Recently found … 09/07/2011

  • tags: educational reform testing assessment

    • Using tests to assess our kids’ memory of rote facts may have been important in the pre-industrial or possibly even the industrial era, but not now.
    • The fact is that we forget most of the facts that we cram into our heads to prepare for tests. Instead, what many of us get from school is the false message that some of us are smart and some of us are dumb, that remembering a few pieces of well-placed information is significant when the reality is that it’s not.
    • The real skills that we need to teach our kids are how to use knowledge in new, innovative ways and to adapt to new circumstances. Teaching our kids to think creatively and instilling in them the confidence to listen to the voice inside of them that is pushing them forward in their lives is how we can best prepare them for an unpredictable future in an ever-changing global landscape.
    • Creativity and confidence are the secret to success. They always have been, and they always will be.
    • If we stop preparing our kids for a bygone era by prepping them for the next test on state capitals and instead promote their creative thinking skills and self-confidence, then we will have prepared them for the most important test of all: the test of life.
  • tags: educational reform NCLB testing

    • We allowed the proponents of NCLB to control the discussion from the beginning. They wrote the language, sent out the media notices and explanations, wrote the definitions of AYP, Highly Qualified and leaned heavily on the fact that none of us would dare protest anything to do with a name that implies we would be providing a high quality education for every single child in America. They were right. We chose not to speak out, not to fight against a system we knew from the beginning would set us all up for failure, and instead, in our best Dudley DoRight impersonations we set about to change the way we taught and measured and tested and graded and thought.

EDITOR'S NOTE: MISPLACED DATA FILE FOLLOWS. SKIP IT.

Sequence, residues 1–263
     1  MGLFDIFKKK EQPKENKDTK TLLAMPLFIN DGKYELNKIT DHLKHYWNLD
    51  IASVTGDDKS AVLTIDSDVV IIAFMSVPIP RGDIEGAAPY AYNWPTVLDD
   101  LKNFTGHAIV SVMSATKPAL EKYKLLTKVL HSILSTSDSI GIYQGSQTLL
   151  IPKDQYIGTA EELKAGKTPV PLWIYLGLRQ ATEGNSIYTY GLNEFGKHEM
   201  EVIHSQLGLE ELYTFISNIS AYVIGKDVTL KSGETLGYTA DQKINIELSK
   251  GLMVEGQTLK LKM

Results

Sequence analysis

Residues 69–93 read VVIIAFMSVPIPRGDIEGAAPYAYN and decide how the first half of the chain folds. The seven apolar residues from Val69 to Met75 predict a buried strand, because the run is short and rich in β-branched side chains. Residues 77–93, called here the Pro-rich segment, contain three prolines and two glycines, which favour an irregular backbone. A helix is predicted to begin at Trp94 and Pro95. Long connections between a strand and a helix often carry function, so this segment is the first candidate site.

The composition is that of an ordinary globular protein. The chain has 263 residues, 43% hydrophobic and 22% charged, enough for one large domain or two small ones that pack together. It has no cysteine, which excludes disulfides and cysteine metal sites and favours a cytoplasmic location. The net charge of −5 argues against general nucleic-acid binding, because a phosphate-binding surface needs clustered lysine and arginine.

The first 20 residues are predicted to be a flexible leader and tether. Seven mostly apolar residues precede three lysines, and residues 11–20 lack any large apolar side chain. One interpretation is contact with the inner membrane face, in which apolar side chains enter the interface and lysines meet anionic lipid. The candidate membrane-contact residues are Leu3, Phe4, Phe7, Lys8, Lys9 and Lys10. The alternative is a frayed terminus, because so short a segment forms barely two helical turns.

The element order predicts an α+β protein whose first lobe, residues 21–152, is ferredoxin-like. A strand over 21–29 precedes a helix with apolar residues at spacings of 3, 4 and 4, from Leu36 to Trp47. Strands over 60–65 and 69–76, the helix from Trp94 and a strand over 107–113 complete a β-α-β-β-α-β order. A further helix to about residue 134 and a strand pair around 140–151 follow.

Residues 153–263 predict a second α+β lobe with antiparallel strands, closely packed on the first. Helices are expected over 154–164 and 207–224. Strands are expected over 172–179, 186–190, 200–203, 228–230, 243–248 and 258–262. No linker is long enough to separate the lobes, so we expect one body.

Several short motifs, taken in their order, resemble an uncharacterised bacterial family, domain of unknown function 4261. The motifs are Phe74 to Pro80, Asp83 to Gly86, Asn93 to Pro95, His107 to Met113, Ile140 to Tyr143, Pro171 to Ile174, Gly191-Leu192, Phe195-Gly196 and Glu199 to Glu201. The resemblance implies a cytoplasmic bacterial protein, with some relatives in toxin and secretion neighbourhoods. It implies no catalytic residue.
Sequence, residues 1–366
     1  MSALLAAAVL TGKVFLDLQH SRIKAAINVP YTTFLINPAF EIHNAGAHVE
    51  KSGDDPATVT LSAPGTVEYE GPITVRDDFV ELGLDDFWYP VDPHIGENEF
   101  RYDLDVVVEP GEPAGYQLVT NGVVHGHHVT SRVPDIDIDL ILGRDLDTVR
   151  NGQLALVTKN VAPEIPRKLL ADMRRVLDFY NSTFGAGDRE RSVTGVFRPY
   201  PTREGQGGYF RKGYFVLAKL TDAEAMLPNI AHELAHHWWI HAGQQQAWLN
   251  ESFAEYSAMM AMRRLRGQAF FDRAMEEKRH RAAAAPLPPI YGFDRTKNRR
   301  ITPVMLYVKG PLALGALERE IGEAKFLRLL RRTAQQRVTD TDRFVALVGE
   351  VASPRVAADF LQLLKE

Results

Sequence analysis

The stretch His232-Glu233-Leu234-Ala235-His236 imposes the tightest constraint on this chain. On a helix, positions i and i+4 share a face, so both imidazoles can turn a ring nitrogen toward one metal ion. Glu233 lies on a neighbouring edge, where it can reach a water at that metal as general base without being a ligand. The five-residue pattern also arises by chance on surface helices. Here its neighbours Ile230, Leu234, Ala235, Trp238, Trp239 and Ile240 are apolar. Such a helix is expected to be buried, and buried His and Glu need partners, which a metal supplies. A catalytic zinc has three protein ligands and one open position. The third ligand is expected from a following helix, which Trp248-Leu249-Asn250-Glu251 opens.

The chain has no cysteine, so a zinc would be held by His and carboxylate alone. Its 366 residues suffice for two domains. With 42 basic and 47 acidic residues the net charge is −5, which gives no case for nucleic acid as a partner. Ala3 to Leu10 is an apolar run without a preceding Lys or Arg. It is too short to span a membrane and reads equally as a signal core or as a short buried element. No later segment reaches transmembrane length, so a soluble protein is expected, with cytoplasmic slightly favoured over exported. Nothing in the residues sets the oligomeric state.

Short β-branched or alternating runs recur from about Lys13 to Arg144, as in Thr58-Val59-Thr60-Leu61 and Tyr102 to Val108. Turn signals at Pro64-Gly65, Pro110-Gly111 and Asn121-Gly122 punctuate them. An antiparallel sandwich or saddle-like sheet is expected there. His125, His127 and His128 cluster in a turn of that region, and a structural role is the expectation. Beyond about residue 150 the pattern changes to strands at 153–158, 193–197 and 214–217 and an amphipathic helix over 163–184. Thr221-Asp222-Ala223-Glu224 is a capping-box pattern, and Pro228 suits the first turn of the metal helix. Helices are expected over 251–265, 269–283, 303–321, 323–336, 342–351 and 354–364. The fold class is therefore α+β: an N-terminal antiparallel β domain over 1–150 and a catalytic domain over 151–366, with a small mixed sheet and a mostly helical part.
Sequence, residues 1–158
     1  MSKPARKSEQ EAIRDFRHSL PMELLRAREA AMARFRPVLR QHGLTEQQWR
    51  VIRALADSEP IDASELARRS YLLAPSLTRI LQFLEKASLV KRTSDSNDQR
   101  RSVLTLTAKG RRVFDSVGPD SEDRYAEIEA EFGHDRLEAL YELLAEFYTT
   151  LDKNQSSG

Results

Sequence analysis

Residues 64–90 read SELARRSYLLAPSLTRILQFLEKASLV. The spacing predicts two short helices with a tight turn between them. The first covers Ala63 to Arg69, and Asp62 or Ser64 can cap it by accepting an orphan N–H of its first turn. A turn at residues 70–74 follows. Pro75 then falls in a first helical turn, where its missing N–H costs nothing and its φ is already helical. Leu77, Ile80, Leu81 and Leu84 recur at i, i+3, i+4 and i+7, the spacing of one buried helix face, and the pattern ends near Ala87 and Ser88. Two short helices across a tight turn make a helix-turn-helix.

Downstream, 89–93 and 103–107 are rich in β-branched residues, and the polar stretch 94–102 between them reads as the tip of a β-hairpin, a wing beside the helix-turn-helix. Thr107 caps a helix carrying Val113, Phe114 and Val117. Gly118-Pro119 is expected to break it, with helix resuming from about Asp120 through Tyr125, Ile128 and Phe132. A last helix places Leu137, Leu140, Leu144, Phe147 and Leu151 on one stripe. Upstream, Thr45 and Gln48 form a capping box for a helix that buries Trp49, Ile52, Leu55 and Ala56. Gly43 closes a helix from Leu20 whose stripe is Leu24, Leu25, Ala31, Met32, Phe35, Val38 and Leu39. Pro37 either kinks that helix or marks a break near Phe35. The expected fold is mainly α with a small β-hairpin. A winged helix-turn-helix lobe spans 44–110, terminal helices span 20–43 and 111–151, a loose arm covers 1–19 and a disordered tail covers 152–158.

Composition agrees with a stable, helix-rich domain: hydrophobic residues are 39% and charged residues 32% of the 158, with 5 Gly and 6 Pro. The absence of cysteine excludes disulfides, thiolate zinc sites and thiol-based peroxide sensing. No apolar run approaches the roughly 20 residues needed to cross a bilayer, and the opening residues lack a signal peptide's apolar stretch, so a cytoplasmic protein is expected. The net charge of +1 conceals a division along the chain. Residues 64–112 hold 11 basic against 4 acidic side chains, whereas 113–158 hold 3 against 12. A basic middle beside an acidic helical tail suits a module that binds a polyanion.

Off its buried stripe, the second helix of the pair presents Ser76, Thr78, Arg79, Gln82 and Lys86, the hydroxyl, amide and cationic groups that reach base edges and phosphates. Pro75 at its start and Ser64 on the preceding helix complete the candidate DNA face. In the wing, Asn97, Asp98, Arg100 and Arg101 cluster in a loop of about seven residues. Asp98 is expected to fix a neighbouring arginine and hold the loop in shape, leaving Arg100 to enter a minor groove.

We knew from the outset that NCLB and its goal of 100 percent  – every child proficient in every area as determined by a single test on a single day each year – was patently, blatantly and insidiously absurd, but we took no concerted action. We knew Adequate Yearly Progress was a sham, and we literally and figuratively rolled over and tried our best to meet whatever impossible goals they set for us and our students. We knew that Federal law in NCLB was a violation of Federal law in IDEA but we went along with the insanity of testing Students with Disabilities based on chronological age rather than by IEP.

    • Oh sure, some of you stuck your necks out and said something to the effect of “NCLB forced us to take a closer look at ourselves, and we are better off for that” in spite of the fact that it was our students that were suffering the consequences. What balderdash. What hubris. Our kids were the ones whose education was stilted by our submission to the belief that one test could effectively distill and determine the depth and extent of an entire year of a child’s education.